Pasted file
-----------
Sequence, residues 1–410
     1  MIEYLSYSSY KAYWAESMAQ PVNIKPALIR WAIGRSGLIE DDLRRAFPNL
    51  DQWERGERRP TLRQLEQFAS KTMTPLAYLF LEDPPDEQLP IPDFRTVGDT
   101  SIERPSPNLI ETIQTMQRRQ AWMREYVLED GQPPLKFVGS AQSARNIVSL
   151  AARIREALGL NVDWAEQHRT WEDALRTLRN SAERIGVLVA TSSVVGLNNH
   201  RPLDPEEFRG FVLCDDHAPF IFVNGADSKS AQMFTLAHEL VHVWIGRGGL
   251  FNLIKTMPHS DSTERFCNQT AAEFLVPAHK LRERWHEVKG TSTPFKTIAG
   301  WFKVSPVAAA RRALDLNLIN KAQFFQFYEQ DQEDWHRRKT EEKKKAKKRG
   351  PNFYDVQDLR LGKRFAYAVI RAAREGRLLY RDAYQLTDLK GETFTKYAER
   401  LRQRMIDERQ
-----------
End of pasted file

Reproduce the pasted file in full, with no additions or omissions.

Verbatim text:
Sequence, residues 1–410
     1  MIEYLSYSSY KAYWAESMAQ PVNIKPALIR WAIGRSGLIE DDLRRAFPNL
    51  DQWERGERRP TLRQLEQFAS KTMTPLAYLF LEDPPDEQLP IPDFRTVGDT
   101  SIERPSPNLI ETIQTMQRRQ AWMREYVLED GQPPLKFVGS AQSARNIVSL
   151  AARIREALGL NVDWAEQHRT WEDALRTLRN SAERIGVLVA TSSVVGLNNH
   201  RPLDPEEFRG FVLCDDHAPF IFVNGADSKS AQMFTLAHEL VHVWIGRGGL
   251  FNLIKTMPHS DSTERFCNQT AAEFLVPAHK LRERWHEVKG TSTPFKTIAG
   301  WFKVSPVAAA RRALDLNLIN KAQFFQFYEQ DQEDWHRRKT EEKKKAKKRG
   351  PNFYDVQDLR LGKRFAYAVI RAAREGRLLY RDAYQLTDLK GETFTKYAER
   401  LRQRMIDERQ